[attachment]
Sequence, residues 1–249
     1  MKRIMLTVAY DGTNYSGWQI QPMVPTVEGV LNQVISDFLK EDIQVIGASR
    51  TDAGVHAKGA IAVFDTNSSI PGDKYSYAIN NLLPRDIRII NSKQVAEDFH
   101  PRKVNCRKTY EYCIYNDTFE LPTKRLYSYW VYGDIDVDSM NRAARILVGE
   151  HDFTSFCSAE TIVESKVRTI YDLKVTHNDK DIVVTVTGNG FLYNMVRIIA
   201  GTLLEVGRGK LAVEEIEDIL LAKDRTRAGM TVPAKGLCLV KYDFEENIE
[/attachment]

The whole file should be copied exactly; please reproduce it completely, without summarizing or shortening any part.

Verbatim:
Sequence, residues 1–249
     1  MKRIMLTVAY DGTNYSGWQI QPMVPTVEGV LNQVISDFLK EDIQVIGASR
    51  TDAGVHAKGA IAVFDTNSSI PGDKYSYAIN NLLPRDIRII NSKQVAEDFH
   101  PRKVNCRKTY EYCIYNDTFE LPTKRLYSYW VYGDIDVDSM NRAARILVGE
   151  HDFTSFCSAE TIVESKVRTI YDLKVTHNDK DIVVTVTGNG FLYNMVRIIA
   201  GTLLEVGRGK LAVEEIEDIL LAKDRTRAGM TVPAKGLCLV KYDFEENIE